A couple of years ago my boss decided to retire. It was no surprise, we had talked about it. Although, with his retirement I had to make a decision: 1. Retire completely or 2. Create a new position. I opted to create a new position. The question was, how in the Hell to do it...
I had a degree (along with a zillion other people looking for new and different things to do with their lives). I was older (older than dirt). I knew I needed to keep my mind active and I also knew I had to be out of the house part of the day or else be charged, eventually, with murder or at least the manslaughter of my significant other who is fully retired. I was well aware that living joined at the hip with him was not the best thing for either of us.
I had time to make the decision during the month after my boss retired. That was a month I worked for the "Home Office"... shudder. As I worked for them I observed how other offices performed their tasks. I made notes and came up with a plan of action. As soon as my sentence was over (working with the Home Office group) I put the plan in motion.
I wrote to all the other owners of similar businesses and proposed an idea to give them an opportunity to hire me as a "floater" of sorts, to fill in when they needed help, or to train new folks. I had experience in all aspects of the business and could, run their offices for them, for a fair price. I waited for my first call. My significant other thought I was nuts. No one had done what I was proposing exactly before, so I was in virgin territory. I was sure this could be a very good opportunity for both me and the owners. I waited with no calls coming in.
After a month my first call came and I went to the office to help out. I had a blast. I was able to say, I would work when I wanted, for as long as I wanted. If that was OK then I worked, if it wasn't...oh well, too bad, their loss.
The problem I didn't anticipate was the number of calls I received looking for my help. I thought it was a good idea, I didn't realize it was a great idea. I became known as "The Buzzard". I sort of hovered over the businesses waiting to swoop down and work when needed. I kept myself up to date with all the new programs and software so I wasn't overwhelmed when I went to offices after a couple of week away. It's been pretty good so far.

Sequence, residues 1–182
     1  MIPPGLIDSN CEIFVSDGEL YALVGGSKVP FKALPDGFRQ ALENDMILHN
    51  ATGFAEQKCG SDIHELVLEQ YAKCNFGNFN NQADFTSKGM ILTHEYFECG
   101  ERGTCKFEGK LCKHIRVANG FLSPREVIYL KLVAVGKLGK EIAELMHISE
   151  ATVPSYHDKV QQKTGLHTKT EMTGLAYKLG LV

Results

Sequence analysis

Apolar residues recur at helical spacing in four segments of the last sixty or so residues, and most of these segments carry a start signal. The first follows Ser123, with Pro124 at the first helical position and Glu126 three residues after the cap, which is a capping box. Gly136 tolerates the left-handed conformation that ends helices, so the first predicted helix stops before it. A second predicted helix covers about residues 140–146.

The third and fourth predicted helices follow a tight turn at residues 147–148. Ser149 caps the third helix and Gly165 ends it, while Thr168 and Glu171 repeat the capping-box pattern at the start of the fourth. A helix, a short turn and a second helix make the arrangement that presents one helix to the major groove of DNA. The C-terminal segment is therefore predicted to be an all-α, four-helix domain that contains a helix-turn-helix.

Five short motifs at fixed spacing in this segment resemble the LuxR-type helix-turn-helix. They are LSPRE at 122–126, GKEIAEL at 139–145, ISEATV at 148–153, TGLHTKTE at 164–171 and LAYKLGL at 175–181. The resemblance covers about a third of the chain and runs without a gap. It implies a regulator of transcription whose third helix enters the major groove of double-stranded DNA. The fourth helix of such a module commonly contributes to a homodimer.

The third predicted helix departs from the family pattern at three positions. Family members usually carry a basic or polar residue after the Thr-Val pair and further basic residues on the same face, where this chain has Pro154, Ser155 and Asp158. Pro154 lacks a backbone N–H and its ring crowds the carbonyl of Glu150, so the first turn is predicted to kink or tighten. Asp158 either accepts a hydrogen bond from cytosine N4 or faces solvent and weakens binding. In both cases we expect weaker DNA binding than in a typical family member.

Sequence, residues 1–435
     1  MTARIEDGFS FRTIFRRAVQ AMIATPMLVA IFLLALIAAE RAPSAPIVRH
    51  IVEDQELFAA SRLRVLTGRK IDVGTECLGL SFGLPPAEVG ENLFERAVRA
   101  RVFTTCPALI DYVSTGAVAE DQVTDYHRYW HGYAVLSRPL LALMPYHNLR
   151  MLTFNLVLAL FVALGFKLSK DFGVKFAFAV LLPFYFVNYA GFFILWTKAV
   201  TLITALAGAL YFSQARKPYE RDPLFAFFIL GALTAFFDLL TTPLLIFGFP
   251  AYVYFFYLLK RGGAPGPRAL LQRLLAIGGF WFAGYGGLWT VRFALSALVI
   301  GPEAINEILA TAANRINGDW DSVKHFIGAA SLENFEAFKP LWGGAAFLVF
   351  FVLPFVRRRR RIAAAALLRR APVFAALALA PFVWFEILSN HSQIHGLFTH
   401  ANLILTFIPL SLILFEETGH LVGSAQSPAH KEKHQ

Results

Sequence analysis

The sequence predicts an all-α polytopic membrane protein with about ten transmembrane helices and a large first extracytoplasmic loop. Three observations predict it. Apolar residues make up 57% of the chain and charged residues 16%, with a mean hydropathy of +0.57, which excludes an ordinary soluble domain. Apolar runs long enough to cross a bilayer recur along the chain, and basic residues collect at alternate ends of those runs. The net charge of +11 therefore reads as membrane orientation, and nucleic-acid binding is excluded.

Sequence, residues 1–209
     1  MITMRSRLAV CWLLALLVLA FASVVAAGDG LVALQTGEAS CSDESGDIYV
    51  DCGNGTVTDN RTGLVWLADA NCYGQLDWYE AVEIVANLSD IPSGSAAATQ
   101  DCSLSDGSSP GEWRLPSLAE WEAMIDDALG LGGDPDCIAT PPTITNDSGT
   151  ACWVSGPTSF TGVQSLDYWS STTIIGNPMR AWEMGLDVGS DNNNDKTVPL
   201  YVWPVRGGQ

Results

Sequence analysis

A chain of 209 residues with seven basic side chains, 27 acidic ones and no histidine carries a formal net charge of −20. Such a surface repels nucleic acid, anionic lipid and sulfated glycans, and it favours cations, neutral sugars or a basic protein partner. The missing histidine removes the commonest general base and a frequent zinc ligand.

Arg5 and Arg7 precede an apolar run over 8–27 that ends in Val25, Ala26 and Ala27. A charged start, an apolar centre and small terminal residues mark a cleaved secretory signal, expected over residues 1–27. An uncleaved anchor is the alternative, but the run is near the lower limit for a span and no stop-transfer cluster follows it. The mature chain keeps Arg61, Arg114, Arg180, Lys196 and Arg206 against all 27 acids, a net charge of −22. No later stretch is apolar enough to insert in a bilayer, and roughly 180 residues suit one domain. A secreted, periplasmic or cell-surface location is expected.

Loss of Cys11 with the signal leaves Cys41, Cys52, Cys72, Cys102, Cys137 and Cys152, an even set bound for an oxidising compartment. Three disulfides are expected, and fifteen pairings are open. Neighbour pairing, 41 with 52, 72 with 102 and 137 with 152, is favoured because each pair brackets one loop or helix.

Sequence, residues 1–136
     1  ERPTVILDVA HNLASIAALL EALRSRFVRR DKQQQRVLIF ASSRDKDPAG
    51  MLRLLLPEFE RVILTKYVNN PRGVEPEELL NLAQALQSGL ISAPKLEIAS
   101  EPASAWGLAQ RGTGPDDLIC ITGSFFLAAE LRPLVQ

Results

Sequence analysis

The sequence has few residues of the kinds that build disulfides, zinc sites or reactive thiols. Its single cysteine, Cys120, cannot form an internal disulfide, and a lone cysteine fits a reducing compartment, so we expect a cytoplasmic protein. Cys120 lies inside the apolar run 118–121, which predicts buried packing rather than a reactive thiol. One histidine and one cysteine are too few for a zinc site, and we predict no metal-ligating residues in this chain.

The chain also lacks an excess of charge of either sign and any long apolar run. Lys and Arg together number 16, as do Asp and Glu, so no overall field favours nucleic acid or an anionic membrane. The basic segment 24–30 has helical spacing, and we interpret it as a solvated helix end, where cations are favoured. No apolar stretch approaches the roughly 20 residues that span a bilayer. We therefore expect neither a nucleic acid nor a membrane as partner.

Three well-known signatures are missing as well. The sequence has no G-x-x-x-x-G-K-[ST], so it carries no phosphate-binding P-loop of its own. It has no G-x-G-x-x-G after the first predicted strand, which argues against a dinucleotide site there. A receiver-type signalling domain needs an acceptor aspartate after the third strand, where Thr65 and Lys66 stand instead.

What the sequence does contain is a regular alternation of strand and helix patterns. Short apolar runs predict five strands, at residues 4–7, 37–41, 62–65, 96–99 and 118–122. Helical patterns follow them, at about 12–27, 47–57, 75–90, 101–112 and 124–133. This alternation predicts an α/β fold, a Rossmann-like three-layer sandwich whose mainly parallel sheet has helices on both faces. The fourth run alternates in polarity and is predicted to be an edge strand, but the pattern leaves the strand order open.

I thought by doing this kind of work I'd have all kinds of extra time to volunteer or at least to learn something new, or join some public service organizations. What I didn't realize was some organizations take up more time than others. I also didn't know how some organizations can almost draw the life blood out of you if you allow it. Sometimes you don't know it's happening until it's too late. I got out in time.
I gave myself a year to see if I could do the work with the volunteer organization. The folks I worked with were very passionate about what they were doing. I was not. I was more concerned about the completion of projects then get on to the next project. They were more interested in tweaking and rewriting the same things over and over again. I felt as though I was trying to run through jello when I was part of groups trying to conquer the unconquerable.
I started to observe the folks in the groups and decided it was me, not them who was in the wrong place. I didn't fit in. I am very direct, blunt and sometimes a bit rude, especially if I think my time is being wasted. I figure I'm real old, I don't have a whole lot of time to waste, so get on with it... This was not the group for me.
I also observed only a core group of folks do all the work. I know that's the way it is in volunteer organizations, but I like to be paid. I was doing work and my payment was not in the form I desire. I want hard cash. I understand when you do volunteer work, the work should be payment enough. But I'm honest, it wasn't enough for me!
Control seems to permeate throughout the volunteer organizations I've observed. Someone always has to be the controller. There is usually a main controlling personality (and there's a need for someone in that position-for a limited time period). Then there are sub-controllers. They're the ones who head committees ( again, you need someone to avert chaos-to a point) Every one of the groups have folks who get drunk with power. It's really pretty funny to watch. I did like my position of observer, for a brief moment I thought I'd stick it out just to stay as, "the observer".
As I watched from my perch, I created names for those in controlling positions. I tried not to be catty, but I didn't win. I became so damned catty I was ashamed of myself. I didn't stop though I just kept it to myself. One I called Captain Hook, involved in everything and sometimes made others ineffective in his quest for the unattainable. Another I called, "Ms. I've been doing this so long, there's nothing new for me here". One of the many I really liked was named (in my head), "Ms. I'll do anything to avoid confrontation". That person was probably the one I will miss the most. Luckily that person will continue to be a valuable asset to the organization and keep it on the up and up.
During my time of observation, I found I was not doing things I like to do, like write. I found I was too tired, too frustrated or just too... to sit down for an hour or two to put words on paper. It took me several days to understand my participation in the volunteer organization was beginning to suck out energy and life from my soul. It sounds drastic and weird, I know, but it was giving me adgida and a big headache.
So, the bottom line...I don't work unless I get paid. I don't have the patience, nor the passion to work in a position that doesn't say "Cha ching!" at the end of the week...At least I'm honest.